In a state that ranks third highest in the nation for the percentage of seniors living in poverty, a Santa Fe-based think tank is proposing several changes in New Mexico state law, including a repeal of a tax on Social Security benefits.
According to the Think New Mexico initiative — “Solving the Hidden Crisis: Achieving Retirement Security for All New Mexicans” — the state’s growing retirement predicament not only affects senior citizens, but also the average taxpayer who funds Medicaid, housing assistance and other government support programs for the elderly.
The state has 12.2 percent of its seniors living on income that drops below the federal poverty line of $12,490 a year for a household of one — just below the average Social Security benefit of $13,900, according to the think tank initiative’s initial report.
New Mexico seniors’ poverty level ranks just behind Mississippi and Washington, D.C., according to the report’s summary.
Think New Mexico says the percentage of the state’s elderly poor will likely grow in the coming years, as two out of three private-sector workers in the state do not have any money saved for retirement and 80 percent have less than $10,000 saved. In addition, the state’s public pensions are underfunded by a total of $12.5 billion, putting their long-term soundness in danger.
New Mexico is one of just 13 states that charge income tax on Social Security benefits to at least some beneficiaries, according to the American Association of Retired Persons. Scuttling the tax — which was enacted in 1990 — would add $700 a year to the average state senior citizen’s income, the Think New Mexico report says.
Fred Nathan, the group’s executive director, said that the Social Security tax reduces New Mexico’s allure as a place for senior citizens to retire.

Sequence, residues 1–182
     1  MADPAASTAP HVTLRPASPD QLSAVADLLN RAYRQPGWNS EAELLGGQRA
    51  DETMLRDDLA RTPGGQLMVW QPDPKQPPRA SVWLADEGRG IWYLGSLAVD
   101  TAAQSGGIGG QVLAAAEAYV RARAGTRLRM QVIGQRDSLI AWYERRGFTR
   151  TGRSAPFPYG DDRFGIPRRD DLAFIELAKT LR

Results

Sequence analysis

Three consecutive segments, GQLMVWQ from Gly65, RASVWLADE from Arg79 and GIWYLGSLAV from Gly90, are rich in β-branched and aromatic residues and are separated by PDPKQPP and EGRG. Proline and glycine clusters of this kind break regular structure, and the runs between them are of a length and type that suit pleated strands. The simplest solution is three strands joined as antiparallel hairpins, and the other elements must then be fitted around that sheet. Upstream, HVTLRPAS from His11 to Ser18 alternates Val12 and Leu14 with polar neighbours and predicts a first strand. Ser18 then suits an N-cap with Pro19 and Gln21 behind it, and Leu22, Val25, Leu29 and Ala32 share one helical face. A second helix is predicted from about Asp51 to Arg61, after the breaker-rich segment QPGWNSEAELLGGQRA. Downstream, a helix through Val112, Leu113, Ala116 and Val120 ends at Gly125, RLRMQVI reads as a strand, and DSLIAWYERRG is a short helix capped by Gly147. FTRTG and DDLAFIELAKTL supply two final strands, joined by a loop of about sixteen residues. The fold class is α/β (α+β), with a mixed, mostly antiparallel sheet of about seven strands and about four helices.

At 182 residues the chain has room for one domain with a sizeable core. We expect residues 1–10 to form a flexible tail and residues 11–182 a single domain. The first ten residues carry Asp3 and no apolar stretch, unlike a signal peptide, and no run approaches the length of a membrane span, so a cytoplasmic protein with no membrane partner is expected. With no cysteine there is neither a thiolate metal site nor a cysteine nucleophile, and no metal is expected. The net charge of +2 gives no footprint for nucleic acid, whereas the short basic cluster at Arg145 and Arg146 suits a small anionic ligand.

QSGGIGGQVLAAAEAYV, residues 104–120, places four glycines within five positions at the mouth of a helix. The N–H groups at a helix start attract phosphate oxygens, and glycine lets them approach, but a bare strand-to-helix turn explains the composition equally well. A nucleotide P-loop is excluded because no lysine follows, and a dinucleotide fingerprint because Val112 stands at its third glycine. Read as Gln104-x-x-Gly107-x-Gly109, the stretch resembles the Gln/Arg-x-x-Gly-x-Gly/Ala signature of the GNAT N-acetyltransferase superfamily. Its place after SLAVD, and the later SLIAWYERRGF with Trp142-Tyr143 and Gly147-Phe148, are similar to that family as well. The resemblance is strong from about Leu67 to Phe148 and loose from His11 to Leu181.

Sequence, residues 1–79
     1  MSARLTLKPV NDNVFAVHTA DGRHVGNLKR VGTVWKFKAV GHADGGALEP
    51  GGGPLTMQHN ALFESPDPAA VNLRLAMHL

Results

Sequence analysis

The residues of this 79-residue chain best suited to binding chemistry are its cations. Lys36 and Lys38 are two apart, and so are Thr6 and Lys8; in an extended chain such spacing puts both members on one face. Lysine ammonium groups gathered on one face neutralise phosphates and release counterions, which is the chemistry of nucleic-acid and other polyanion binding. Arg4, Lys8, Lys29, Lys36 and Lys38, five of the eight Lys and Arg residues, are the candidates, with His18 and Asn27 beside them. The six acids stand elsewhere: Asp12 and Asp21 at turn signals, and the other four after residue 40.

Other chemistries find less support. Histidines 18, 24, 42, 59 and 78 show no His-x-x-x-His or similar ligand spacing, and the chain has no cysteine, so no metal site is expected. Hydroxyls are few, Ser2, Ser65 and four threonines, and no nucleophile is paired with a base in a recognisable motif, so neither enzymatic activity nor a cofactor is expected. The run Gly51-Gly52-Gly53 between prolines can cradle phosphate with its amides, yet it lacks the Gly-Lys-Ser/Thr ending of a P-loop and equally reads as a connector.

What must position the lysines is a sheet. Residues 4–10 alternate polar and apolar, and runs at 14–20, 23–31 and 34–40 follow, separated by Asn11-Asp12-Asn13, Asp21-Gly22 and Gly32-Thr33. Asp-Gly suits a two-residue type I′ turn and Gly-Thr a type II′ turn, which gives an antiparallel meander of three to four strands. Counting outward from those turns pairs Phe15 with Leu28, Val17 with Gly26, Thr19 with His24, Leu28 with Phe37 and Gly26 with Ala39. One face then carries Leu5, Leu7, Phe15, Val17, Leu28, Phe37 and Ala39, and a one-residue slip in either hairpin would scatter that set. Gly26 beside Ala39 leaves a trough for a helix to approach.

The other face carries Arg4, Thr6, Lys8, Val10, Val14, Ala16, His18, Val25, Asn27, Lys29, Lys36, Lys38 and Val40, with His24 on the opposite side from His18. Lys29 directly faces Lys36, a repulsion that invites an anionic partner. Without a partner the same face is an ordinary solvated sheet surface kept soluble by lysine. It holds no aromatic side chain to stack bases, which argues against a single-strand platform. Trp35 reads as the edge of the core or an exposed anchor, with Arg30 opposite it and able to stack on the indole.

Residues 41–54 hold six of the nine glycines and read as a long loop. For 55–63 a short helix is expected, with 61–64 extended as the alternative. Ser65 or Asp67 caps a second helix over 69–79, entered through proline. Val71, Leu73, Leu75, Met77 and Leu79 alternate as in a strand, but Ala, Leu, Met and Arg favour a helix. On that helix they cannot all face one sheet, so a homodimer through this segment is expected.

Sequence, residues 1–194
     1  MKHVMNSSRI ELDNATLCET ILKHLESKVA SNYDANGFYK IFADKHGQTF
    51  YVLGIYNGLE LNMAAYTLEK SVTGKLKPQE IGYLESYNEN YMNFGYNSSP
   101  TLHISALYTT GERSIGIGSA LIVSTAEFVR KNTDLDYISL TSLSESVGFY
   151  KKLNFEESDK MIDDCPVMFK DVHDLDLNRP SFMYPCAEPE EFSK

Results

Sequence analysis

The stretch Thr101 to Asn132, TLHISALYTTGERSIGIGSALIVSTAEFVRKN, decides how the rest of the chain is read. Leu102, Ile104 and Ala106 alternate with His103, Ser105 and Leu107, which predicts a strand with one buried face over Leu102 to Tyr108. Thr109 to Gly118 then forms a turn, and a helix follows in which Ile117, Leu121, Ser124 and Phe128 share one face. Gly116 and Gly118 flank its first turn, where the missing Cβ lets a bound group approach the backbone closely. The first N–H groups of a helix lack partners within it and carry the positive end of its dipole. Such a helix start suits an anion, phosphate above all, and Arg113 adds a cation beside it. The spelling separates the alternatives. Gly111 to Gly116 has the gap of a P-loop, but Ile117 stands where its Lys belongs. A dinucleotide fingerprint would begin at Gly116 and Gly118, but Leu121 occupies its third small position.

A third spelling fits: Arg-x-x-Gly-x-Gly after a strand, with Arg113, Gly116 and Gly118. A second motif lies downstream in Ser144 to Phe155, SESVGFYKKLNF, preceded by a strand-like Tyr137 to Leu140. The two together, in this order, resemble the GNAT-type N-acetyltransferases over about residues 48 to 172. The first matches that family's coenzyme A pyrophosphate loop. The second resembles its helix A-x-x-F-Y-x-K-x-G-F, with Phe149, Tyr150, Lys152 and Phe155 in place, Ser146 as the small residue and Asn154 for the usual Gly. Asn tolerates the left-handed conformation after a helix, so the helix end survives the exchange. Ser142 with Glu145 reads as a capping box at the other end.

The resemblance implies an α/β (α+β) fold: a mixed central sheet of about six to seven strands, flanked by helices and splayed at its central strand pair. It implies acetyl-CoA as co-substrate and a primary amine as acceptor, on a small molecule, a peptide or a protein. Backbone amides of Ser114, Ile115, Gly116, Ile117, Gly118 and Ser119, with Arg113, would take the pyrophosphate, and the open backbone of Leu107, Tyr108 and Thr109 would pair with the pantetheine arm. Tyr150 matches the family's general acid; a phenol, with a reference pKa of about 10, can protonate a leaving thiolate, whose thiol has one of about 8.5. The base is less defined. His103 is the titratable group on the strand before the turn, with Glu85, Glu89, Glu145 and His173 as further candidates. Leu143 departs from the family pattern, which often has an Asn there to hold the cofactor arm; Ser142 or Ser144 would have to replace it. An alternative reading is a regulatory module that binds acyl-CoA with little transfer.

“Most states do not tax social security benefits because they want to attract and retain retired people for their economic impact — for their positive economic impact on the state — and we should do the same in New Mexico,” Nathan told InsideSources. “For example, Kiplinger’s magazine profiled the 13 states that still tax Social Security benefits and listed New Mexico as one of the least tax-friendly states for seniors.”
The report also recommends that private-sector workers have access to a retirement account that they can contribute to using automatic payroll deductions. Think New Mexico cites research showing that workers are 15 times more likely to save for retirement if they can contribute to a retirement plan using these deductions.
“In order to achieve retirement security for all New Mexicans, we need to increase access to retirement accounts for private-sector workers and stabilize pensions for public sector work,” Nathan said.
The report outlines three recommendations to improve the stability and performance of New Mexico’s public pension funds:
Use some of the state’s record budget surplus to make a one-time, $700 million cash infusion or bridge loan to the Public Employees Retirement Association (PERA); consolidate the investment management of PERA and Education Retirement Board pension funds to achieve higher returns and lower fees; and make the pension oversight boards more professional by increasing the qualifications of those who serve. (Currently, no member of the PERA board, which oversees $15.7 billion, is required to have any experience or expertise in financial or investment management.)
Nathan said he hoped the state Legislature would take up the issue when it meets for 30 days in January, although reports have noted the schedule is tight.
“We appreciate Brian Egolf — Speaker of the New Mexico House of Representatives and New Mexico House Minority Leader James Townsend for expressing their openness to considering our reform proposals,” he said on Think New Mexico’s Facebook page.